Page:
Amid boycotts and dissociations, there are some brands and some celebrities that have been going strong for years. One of them is Hrithik Roshan. The face of Swiss watch brand Rado, the 47-year-old actor will be seen starring in the brand’s new campaign for a new range. The launch of the range is also timed to celebrate the 10th anniversary of his debut as global brand ambassador for the Swiss watchmaker.
Speaking about the anniversary milestone along with the new campaign launch, Hrithik Roshan said, “Even as time flies, some bonds remain timeless. When Rado first approached me, I was thrilled, I was still discovering my love for watches. Ten years hence, it has become an inseparable part of my personal style.”
The actor’s journey with the brand actually goes back to the time when his actor and filmmaker father, Rakesh Roshan wore the watch. “I always wanted to have one of my own. So the association with the brand was like a perfect match. The fact that they make a product that I actually wear and enjoy wearing is what I like most about my ten-year association with the brand. It just adds a lot of authenticity to the whole thing,” he tells Storyboard.
For the first time, Rado’s new campaign will have a digital-first release. According to the actor the change is in sync with the changing times and is only for the better. “The idea is to connect with as many people as possible and digital is the way to do that now because that’s the way the world has evolved now.”
New media and new ways of communication also bring with them a unique set of challenges. The past few years have made crystal clear the power of social media to amplify trends like boycott of brands and endorsers. Laws have also evolved to now hold celebrities responsible for claims made in advertising. So what are the new rules of engagement from the celebrities’ perspective?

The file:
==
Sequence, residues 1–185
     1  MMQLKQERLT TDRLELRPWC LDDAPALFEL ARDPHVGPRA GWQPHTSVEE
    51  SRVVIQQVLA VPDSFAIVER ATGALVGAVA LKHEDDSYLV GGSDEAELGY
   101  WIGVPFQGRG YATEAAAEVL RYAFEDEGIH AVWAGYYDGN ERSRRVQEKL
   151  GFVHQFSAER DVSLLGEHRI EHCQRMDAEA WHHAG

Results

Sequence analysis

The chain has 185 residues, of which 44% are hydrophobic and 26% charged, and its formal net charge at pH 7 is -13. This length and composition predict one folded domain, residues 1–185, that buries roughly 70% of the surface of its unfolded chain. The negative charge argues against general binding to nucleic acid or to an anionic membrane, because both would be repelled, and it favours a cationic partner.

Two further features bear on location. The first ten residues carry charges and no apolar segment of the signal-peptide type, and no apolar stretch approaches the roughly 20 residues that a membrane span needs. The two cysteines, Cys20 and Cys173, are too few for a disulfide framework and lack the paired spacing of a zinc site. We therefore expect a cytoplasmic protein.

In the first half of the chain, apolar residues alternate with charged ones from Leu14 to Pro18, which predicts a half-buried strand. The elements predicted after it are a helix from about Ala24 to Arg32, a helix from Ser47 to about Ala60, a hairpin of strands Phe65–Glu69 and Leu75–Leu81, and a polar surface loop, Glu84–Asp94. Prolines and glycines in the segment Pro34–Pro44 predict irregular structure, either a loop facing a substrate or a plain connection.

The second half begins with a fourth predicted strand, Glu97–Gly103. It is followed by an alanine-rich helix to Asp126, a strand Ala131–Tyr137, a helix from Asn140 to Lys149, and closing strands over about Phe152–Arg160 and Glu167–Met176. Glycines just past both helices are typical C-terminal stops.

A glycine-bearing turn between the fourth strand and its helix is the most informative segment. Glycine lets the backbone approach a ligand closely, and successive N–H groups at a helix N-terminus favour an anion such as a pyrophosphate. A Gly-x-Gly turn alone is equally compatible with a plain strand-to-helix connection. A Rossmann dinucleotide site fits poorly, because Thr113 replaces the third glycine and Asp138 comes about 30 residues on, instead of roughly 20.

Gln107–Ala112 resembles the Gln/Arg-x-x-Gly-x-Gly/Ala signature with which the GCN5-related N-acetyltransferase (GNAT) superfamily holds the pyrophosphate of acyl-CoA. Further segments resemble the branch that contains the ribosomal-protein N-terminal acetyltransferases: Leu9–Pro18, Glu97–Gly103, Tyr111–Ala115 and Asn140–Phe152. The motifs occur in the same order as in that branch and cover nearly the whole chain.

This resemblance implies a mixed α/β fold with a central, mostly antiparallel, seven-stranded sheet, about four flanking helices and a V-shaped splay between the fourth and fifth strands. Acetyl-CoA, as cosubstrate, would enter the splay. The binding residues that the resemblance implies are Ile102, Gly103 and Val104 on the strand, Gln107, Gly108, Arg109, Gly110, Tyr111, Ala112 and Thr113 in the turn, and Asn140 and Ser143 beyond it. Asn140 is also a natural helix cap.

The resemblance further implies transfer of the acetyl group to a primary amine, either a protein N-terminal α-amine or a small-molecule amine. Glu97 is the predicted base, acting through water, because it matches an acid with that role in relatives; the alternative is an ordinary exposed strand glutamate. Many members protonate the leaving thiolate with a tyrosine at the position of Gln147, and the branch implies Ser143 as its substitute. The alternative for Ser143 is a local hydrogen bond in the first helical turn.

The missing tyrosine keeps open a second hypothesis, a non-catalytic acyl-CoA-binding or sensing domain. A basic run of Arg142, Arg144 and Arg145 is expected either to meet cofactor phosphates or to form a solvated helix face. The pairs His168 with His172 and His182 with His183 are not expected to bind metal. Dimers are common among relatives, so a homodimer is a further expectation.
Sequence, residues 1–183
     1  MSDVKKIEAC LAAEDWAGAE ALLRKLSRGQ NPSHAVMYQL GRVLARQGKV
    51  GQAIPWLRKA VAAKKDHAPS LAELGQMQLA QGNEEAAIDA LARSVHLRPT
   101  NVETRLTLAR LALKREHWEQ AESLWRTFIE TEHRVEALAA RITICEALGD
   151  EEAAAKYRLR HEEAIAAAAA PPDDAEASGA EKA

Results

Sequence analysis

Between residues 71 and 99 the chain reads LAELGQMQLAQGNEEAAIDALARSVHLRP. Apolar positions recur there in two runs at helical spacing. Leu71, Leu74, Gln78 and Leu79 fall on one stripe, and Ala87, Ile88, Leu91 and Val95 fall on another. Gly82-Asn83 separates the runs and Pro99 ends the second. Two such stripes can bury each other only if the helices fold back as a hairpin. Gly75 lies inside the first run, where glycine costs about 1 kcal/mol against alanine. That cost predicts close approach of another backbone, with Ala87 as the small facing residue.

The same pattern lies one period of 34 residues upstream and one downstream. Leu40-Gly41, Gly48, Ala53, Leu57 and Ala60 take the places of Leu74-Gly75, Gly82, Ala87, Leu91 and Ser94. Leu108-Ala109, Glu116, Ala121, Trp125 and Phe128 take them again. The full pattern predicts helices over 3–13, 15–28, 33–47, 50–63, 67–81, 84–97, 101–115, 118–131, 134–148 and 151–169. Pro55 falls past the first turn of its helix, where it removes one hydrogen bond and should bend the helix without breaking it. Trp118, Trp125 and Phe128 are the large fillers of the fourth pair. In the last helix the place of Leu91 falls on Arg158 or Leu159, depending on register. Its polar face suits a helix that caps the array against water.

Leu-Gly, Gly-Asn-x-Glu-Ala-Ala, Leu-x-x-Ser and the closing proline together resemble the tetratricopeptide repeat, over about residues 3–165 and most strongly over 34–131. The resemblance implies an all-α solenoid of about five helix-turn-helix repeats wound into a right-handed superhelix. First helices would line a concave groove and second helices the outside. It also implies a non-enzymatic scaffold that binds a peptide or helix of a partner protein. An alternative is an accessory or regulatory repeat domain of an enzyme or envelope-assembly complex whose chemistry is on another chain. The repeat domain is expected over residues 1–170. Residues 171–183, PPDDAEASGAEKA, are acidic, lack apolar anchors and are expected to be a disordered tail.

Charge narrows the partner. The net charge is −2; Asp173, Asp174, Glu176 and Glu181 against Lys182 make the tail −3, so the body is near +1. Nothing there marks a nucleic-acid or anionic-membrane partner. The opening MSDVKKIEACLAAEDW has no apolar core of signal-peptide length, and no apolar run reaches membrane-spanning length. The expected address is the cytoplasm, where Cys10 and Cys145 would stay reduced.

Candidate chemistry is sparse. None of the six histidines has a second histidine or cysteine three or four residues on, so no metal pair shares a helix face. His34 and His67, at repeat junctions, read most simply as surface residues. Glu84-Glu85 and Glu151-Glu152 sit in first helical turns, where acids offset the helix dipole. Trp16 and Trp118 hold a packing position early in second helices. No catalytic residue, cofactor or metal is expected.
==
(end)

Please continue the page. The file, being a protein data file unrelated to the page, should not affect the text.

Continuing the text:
“There isn’t any new rule of engagement per se. It is more about our society becoming more conscious and more responsible and it’s all for the good. It is better this way and I completely endorse it,” Roshan states.
What does Roshan’s checklist look like? “When I choose an endorsement, I consider whether the brand ethos is aligned with my personal values and matches with my work ethics. The values of a brand are evident in their communication style, the product promise and how they represent themselves through their people. The brand should also sync with my personality, so that we complement one another and it’s a good match! It’s important that I believe in the brand and product that I am recommending to others.” Besides matching with the brand, one must also swipe right on the right people. “Who I am working with also matters, it’s essential to have a good synergy and to be on the same wavelength,” says Roshan.
Recent years have also seen brands dropping their celebrity endorsers for something they said or did in the public sphere. Snapdeal shunned Aamir Khan over the latter’s comments about India becoming an intolerant country that led to a mass uninstallation of the app. Most recently edtech major Byju’s stopped ads featuring Shah Rukh Khan for 4-5 days over the controversy surrounding his son.
So what if there’s a sudden parting of ways initiated by the brand, we ask Roshan. Are they supposed to stick together through thick and thin? “An endorsement deal at the end of the day is a business contract. If things don’t work out, then each must do what is best for themselves. The brand must do as the brand believes and the celebrity must do what he/she deems right.”
While a brand cashes in on the celebrity’s fame and reach to make inroads into the market, the celebrity also has certain expectations from the brand. For Roshan there is nothing more important than honesty when he takes up an endorsement deal.
“I would expect a brand to never expect me to say anything where I feel dishonest. I have to make sure that if it is an endorsement that is connecting me to human beings directly I must be able to connect in the most authentic way and that is something that matters a lot to me. That’s a big check for me and if the brand cannot respect that then I simply reject the offer.”
(Edited by : Priyanka Deshpande)